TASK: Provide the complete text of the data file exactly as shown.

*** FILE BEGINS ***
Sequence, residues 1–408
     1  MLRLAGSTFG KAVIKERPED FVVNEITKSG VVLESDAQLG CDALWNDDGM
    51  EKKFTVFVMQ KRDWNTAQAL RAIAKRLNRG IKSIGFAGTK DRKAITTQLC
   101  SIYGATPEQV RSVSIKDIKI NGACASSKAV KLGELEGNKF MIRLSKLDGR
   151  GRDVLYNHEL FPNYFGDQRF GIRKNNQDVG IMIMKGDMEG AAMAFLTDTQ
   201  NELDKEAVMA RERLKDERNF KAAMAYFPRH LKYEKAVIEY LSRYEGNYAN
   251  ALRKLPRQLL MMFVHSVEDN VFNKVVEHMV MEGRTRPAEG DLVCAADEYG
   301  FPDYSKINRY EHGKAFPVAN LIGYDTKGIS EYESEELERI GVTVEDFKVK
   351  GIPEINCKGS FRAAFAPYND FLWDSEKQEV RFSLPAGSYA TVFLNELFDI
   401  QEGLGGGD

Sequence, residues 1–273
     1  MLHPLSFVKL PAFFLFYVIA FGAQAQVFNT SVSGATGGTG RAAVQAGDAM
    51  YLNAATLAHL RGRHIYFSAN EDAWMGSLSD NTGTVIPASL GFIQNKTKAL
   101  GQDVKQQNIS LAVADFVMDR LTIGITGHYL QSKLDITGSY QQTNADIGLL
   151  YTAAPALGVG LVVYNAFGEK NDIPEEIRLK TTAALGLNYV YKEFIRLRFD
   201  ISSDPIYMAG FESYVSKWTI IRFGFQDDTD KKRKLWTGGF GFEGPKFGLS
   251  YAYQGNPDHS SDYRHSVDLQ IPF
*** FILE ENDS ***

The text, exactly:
Sequence, residues 1–408
     1  MLRLAGSTFG KAVIKERPED FVVNEITKSG VVLESDAQLG CDALWNDDGM
    51  EKKFTVFVMQ KRDWNTAQAL RAIAKRLNRG IKSIGFAGTK DRKAITTQLC
   101  SIYGATPEQV RSVSIKDIKI NGACASSKAV KLGELEGNKF MIRLSKLDGR
   151  GRDVLYNHEL FPNYFGDQRF GIRKNNQDVG IMIMKGDMEG AAMAFLTDTQ
   201  NELDKEAVMA RERLKDERNF KAAMAYFPRH LKYEKAVIEY LSRYEGNYAN
   251  ALRKLPRQLL MMFVHSVEDN VFNKVVEHMV MEGRTRPAEG DLVCAADEYG
   301  FPDYSKINRY EHGKAFPVAN LIGYDTKGIS EYESEELERI GVTVEDFKVK
   351  GIPEINCKGS FRAAFAPYND FLWDSEKQEV RFSLPAGSYA TVFLNELFDI
   401  QEGLGGGD

Sequence, residues 1–273
     1  MLHPLSFVKL PAFFLFYVIA FGAQAQVFNT SVSGATGGTG RAAVQAGDAM
    51  YLNAATLAHL RGRHIYFSAN EDAWMGSLSD NTGTVIPASL GFIQNKTKAL
   101  GQDVKQQNIS LAVADFVMDR LTIGITGHYL QSKLDITGSY QQTNADIGLL
   151  YTAAPALGVG LVVYNAFGEK NDIPEEIRLK TTAALGLNYV YKEFIRLRFD
   201  ISSDPIYMAG FESYVSKWTI IRFGFQDDTD KKRKLWTGGF GFEGPKFGLS
   251  YAYQGNPDHS SDYRHSVDLQ IPF